Dec 7, 2018
This episode's structure is a little different than you're used to. First join us for 35 minutes as Cass chats with Bonnie from episode 162. They discuss painting murals in her hometown and ethical choices for living on earth, given this is the only one we have.
Then eavesdrop on a conversation between Marie and Cass for an hour as they work through the dynamic of the podcast with Marie as the new co-host. Enjoy scintillating topics such as misogyny, tokenism, racism, sexism, intersectional feminism, and patriarchy.
Lastly we lament the loss of our recording with Mrs. Betty Bower's creator and writing: Andrew Bradley. Saying yes to what is doesn't always feel good.
We interview people you don’t know, about a subject no one wants to talk about. We hope to encourage people in the process of deconstructing their faith and help curb the loneliness that accompanies it. We think the world is a better place when more people live by sight, not by faith. Please subscribe to our podcast, and leave a review wherever you listen to podcasts. Also, we offer these podcasts freely. And your support truly makes a difference. You can support us monetarily in two easy ways: you can pledge a monthly donation through Patreon. that’s www.patreon.com/eapodcast, or leave a lump-sum donation through PayPal at our website, www.everyonesagnostic.com.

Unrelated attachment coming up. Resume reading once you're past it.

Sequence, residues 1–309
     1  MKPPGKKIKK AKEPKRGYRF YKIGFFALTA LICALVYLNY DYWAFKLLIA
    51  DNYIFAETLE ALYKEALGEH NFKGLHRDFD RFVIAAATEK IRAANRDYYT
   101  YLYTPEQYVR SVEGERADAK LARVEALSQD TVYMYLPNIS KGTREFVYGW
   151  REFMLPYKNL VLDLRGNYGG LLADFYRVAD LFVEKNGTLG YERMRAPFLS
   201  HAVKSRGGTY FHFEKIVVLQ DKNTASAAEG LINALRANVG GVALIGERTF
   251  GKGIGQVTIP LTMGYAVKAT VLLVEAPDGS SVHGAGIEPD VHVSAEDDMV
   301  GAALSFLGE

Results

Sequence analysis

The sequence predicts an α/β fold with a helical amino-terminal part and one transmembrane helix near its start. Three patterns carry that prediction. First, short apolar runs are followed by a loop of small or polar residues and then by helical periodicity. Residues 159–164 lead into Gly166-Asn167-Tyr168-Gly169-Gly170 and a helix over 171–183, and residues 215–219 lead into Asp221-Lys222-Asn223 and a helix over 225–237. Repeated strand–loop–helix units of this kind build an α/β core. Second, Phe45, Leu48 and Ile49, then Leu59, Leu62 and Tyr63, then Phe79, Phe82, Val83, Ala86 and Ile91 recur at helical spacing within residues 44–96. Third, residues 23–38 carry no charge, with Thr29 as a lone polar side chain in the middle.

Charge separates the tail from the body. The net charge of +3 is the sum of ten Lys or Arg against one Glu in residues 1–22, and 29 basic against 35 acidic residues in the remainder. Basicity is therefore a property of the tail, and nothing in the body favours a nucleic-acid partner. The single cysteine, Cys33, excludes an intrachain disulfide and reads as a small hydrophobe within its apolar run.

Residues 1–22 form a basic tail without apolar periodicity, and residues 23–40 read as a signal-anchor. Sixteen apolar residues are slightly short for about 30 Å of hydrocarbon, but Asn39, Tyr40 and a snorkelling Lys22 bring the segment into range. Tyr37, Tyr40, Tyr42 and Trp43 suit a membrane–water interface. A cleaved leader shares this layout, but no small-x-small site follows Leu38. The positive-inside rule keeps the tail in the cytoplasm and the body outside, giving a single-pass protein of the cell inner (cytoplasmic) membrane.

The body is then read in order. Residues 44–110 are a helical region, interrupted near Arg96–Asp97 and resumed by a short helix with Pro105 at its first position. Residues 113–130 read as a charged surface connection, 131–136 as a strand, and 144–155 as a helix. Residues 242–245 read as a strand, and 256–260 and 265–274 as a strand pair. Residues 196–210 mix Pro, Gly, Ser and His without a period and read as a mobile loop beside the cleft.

Consider this phrase: my perception is my reality. First let me say that this is true. It's true to the individual. Maybe also to people groups or even nations. Disagreements, even wars, can be caused by different perceptions that create different realities. The parable of the blind men and an elephant places a group of blind men engaging an elephant for the first time. They each touch a different part of the elephant's body such as the ear, leg, trunk or tusk. They then describe the elephant based on their limited experience and upon insisting that they are right and the others are lying they come to blows. The moral of the parable is that humans have a tendency to claim absolute truth based on their limited, subjective perception as they ignore other people's limited, subjective perception which may be equally true. So while YOUR perception is YOUR reality, it is not necessarily the whole picture. It doesn't mean you're wrong AND it doesn't mean that differing positions aren't also right. When perceptions become mutually exclusive, the opposing parties may be in denial and insist on the rightness of their narrow view. Convincing them otherwise can be extremely difficult if not impossible. We form a bias around a perception and often don't want to be bothered with the facts. Humans once believed that the earth was flat. It must be, just look at it! We thought the sun and stars circled the earth because it looked that way. Galileo was ordered to turn himself in to the Holy Office to begin trial for holding the belief that the Earth revolves around the Sun, which was deemed heretical by the Catholic Church. ... Galileo agreed not to teach the heresy anymore and spent the rest of his life under house arrest.